Sock Talk: Special Needs International Adoption

Dr. Gerald Nebeker talks about a few adoption agencies that help facilitate international adoptions for children with disabilities. In this podcast you will also hear from Michelle, the CEO of Reece’s Rainbow as well as Kecia and Chris who have adopted two children with Down syndrome from the Ukraine.

Dr. Gerald Nebeker talks about a few adoption agencies that help facilitate international adoptions for children with disabilities. In this podcast you will also hear from Michelle, the CEO of Reece’s Rainbow as well as Kecia and Chris who have adopted two children with Down syndrome from the Ukraine.

International Adoption

Facts and figures

The US State Department considers international adoption to be one of it’s highest priorities. They said, “..it should be an option for children in need of permanent home when it is in the best interest of the child and domestic solutions have been given due consideration.”

Gerald said, “..since 1999, over 250,000 children have been adopted from abroad.”  However, some are limited to the option of adoption because of cost.

Reece’s Rainbow

Reece’s Rainbow is an organization that helps facilitate the adoption of children with disabilities.  They find grants to help cover the costs of the adoptions.  Reece’s Rainbow has helped more than 2000 children with disabilities get adopted.  

Michelle, who is the CEO of Reece’s Rainbow said, “When you are adopting a child with special needs, who is sitting in an orphanage you need to get them home. They are sitting there in an orphanage you need to get them home.  All of these things that we can provide here that they are not getting over there.”

How it works

On their website, reecesrainbow.org, they have children who are available for adoption listed. From there, you can find information specific about each child.  Such as, their age, diagnosis and if any additional information is available.  

Michelle explained their grant options.  She said, “We have different grant options for different children, particularly for older children that are 10 and up or six-nine with Down syndrome in particular.  We do have a grant fund for other children with other special needs as well which is also 10 and up.”

There is a massive community, 4,000 Facebook members, dedicated to helping parents find grants they qualify for or put together fundraisers to help raise the money needed.

Kecia and Chris

A while back Gerald interviewed Kecia and Chris who had a child with Down syndrome named Brie.  When she was a few years old, they struggled to add more children to their family biologically.  Their minds went to adoption and have adopted two children with Down syndrome from the Ukraine.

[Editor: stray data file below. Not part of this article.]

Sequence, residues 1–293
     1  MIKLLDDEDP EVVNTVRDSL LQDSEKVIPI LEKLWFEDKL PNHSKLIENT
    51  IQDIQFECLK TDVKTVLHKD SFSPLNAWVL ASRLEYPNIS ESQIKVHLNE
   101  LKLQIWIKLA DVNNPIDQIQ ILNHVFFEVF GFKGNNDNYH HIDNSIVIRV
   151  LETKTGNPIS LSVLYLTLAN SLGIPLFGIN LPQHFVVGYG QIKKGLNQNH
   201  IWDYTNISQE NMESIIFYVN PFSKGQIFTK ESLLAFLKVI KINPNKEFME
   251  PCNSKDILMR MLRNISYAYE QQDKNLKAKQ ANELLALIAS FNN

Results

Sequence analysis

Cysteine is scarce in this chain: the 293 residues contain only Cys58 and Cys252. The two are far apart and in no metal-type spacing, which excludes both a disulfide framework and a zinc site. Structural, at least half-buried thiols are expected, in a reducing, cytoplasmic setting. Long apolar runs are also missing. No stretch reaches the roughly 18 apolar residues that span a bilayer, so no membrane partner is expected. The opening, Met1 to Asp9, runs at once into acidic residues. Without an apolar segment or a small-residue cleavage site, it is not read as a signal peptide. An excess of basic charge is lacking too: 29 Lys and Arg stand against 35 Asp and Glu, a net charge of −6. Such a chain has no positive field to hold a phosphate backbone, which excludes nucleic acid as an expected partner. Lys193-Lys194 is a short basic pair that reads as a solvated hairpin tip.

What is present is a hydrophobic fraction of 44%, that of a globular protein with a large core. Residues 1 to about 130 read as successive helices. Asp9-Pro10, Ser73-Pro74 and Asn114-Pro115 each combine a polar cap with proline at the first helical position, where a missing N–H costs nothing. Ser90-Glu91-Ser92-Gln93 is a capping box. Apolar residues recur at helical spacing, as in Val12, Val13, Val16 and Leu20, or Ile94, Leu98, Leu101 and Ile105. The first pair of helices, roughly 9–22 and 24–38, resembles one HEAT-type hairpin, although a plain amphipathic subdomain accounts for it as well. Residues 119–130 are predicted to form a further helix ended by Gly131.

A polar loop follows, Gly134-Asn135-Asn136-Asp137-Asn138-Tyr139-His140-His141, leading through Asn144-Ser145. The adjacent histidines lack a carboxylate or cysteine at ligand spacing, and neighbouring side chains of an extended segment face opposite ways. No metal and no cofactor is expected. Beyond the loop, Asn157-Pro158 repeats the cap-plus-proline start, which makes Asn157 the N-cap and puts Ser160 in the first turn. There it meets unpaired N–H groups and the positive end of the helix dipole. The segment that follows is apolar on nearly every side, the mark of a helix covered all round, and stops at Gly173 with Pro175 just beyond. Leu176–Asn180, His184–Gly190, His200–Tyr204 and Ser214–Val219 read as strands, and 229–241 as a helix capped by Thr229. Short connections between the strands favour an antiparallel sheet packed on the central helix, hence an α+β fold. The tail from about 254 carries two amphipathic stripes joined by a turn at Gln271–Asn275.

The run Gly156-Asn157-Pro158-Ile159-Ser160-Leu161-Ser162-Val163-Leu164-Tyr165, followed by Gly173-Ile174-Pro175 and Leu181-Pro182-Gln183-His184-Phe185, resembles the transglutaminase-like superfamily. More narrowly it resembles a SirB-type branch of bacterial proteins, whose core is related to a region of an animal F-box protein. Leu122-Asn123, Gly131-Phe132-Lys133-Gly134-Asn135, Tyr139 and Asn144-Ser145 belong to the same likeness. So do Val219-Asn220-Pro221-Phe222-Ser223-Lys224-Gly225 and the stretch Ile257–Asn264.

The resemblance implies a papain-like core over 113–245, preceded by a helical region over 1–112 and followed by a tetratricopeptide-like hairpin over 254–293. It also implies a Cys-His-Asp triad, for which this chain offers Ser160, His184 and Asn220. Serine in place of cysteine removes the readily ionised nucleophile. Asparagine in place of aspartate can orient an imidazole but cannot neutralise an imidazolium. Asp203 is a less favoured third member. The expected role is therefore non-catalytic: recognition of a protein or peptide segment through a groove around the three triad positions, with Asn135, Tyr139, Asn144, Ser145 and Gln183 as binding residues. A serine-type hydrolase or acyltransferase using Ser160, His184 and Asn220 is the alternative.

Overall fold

The first child they adopted was Mia.  When they found her, she was four and a half years old.  Kecia recalled, “She also had Down syndrome, and she was given up at birth for that reason.We brought her home in the summer of 2011.”

Their second child they adopted from the Ukraine was a little boy named Noah.  Kecia had this to say about it, “He was also given up at birth because of Down syndrome, and when we found him, he was 10 months old”

The Lucky Few

Chris shared a touching story that illustrates their feelings towards having three children with Down syndrome.  He said, “In our old neighborhood, there was a little boy who had Down syndrome who we knew before Brie was born…After Brie came home, they came over to visit us one day, and the mom and dad had brought one their oldest daughter, who was probably in her early 20’s.”

He continued, “When they walked in, she immediately turned to her mom and said, ‘So are you going to tell them or do you want me to tell them how lucky they are?’ At the time we didn’t understand it, but now I think we do.  We understand how lucky we are that Brie came into our lives.”

Bulgaria and Armenia

Gerald was able to visit several orphanages in Bulgaria and Armenia a couple of years ago.  He said, “My role there was specifically focused on the children living there with disabilities.  No one including the Bulgarians and Armenians believe that it is the best place for them. All children need to be raised in a home.  Unfortunately, children with disabilities aren’t considered adoptable there.”

If adoption is calling you, reach out to an accredited adoption agency.  Carolina Adoption Service is Hague accredited, and although it is located in North Carolina, they help facilitate adoptions across the country.  Their website is carolinaadoption.org. 

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